‘Moviepass, Moviecrash’ Recap: Can The Company Make A Comeback In The Future?

Experiencing movies in theaters is one of the most pristine feelings ever, something that can never be recreated by alternatives, irrespective of technological advancements. However, with the advent and popularity of OTT and streaming service-based entertainment in the last decade, a significant portion of the population turned their back on theaters. This marked a drastic decline in the number of moviegoers, and its impact was noticeable with the shutting down of several movie theaters. In 2011, the subscription-based movie-viewing service, Moviepass, was launched, which had the potential to revolutionize the theater business in a massive way, and to some extent, it managed to do so for a certain period of time. But a series of instances of mismanagement led to the service’s downfall, which is duly chronicled in HBO’s documentary Moviepass, Moviecrash, directed by Muta’Ali. 

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In a taut, detailed, and methodical way, the documentary delineates the events that led to the creation of MoviePass, the initial hiccups and meteoric rise of the service, and exactly where everything went wrong. By interviewing key figures who were responsible for the entire operation—journalists and even consumers—the documentary gives viewers an insight that once again reiterates the truth about how corporate greed maligns creative vision time and time again.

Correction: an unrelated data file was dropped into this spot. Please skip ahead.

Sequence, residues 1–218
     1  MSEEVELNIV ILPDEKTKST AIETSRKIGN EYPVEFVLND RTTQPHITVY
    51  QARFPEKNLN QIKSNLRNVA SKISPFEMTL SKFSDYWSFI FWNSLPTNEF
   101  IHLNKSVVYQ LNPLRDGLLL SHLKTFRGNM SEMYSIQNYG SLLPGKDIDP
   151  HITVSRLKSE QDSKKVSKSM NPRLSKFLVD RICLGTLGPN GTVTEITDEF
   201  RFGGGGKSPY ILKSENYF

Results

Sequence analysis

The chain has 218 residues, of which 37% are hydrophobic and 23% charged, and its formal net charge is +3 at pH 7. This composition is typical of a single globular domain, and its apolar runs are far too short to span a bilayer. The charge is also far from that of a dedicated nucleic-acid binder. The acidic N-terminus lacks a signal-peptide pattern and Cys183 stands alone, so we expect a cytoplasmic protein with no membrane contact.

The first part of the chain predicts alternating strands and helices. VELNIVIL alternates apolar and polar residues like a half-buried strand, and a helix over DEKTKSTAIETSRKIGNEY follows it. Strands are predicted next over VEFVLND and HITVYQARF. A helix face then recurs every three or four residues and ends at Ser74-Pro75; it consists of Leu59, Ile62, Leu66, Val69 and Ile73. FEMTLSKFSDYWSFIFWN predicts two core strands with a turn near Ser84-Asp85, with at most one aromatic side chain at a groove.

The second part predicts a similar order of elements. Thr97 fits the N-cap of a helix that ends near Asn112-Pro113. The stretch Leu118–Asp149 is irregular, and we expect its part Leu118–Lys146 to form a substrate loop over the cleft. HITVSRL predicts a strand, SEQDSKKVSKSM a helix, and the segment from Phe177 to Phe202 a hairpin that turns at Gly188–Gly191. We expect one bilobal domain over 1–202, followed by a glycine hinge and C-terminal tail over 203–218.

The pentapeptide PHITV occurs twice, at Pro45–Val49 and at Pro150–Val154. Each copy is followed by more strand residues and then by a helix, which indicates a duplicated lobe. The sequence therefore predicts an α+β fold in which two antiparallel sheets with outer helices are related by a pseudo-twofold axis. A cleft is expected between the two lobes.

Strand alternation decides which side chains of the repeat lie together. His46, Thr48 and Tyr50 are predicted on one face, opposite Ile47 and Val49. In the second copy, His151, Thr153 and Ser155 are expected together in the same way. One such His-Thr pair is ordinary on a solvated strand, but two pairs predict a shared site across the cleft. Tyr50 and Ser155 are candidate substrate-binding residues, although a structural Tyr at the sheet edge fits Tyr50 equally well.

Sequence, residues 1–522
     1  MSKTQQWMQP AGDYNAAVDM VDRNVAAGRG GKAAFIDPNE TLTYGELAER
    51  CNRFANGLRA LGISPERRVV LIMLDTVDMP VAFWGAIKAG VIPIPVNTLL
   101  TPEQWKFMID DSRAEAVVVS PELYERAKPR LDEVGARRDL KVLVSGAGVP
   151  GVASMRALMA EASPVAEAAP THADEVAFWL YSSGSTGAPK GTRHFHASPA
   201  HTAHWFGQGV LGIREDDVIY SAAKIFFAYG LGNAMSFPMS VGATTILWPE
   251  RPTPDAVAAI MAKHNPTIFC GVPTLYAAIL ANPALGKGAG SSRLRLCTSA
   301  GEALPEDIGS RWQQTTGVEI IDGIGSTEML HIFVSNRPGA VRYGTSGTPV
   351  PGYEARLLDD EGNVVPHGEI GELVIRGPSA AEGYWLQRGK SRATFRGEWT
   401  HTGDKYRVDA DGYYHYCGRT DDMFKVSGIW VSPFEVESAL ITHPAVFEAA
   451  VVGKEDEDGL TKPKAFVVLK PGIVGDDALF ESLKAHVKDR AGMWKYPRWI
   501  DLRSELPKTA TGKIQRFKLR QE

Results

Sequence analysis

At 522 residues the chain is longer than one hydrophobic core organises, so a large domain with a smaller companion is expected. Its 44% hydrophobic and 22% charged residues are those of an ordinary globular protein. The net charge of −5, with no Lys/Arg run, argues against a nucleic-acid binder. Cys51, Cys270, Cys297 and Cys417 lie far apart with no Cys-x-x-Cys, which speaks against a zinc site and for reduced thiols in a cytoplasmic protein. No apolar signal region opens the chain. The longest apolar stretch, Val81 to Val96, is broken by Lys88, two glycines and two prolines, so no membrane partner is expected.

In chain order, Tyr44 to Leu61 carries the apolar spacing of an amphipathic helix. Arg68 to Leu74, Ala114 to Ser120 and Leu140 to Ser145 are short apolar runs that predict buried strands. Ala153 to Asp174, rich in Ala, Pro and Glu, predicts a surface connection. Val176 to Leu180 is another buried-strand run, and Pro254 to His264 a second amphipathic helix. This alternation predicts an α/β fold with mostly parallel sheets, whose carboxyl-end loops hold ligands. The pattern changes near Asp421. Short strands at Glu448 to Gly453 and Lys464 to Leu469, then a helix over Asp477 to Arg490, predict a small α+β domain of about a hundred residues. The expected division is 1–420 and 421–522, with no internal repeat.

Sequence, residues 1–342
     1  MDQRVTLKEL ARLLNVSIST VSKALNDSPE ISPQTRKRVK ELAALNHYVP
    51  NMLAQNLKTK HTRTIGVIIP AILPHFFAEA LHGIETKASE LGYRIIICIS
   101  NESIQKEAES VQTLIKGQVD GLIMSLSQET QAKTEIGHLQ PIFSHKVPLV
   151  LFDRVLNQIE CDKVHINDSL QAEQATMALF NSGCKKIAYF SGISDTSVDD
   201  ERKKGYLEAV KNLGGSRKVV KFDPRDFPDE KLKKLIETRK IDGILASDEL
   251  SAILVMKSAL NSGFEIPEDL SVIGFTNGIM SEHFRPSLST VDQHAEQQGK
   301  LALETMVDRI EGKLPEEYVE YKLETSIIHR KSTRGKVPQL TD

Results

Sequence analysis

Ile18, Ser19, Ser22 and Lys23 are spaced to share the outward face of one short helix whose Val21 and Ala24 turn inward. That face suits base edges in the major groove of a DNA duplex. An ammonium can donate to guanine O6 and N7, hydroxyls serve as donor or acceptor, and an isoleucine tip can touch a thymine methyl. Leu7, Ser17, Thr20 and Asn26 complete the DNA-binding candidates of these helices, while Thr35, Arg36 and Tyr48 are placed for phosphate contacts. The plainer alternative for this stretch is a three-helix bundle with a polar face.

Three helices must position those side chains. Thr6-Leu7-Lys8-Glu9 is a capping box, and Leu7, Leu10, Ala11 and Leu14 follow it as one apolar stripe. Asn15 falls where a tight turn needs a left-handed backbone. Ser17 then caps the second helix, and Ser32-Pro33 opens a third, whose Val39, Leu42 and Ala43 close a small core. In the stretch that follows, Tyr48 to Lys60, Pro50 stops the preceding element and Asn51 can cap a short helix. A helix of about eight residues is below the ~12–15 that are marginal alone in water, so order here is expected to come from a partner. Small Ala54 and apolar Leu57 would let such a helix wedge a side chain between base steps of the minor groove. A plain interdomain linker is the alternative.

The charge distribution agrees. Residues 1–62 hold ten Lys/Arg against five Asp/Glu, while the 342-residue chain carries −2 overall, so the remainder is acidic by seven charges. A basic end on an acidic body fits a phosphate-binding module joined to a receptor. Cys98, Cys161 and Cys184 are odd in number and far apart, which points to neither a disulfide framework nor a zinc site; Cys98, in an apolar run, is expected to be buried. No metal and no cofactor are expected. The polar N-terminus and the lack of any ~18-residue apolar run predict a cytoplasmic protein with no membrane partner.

Creation of MoviePass

The conception of Moviepass was rooted in genuine goodwill and experience in the entertainment industry, as founder Stacy Spikes recalls his early days when he tried to make it big in showbiz, only to recognize the existing racial prejudice in the industry. Later on, after becoming an influential figure in studio administration, Spikes created the Urbanworld Film Festival in the late 1990s with the aim of providing equal opportunity to women and minority filmmakers to showcase their talent, which at that time was denied by the mainstream movie industry (still is). It is from the success of the Urbanworld Film Festival that Stacy conceptualized a subscription-centered ticketing service, which led to the inception of MoviePass. In the earliest phase, Spikes struggled to find support and got major assistance from investor Hamet Watt, whose financial aid led to the foundation of MoviePass.

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What made MoviePass so unique and revolutionary?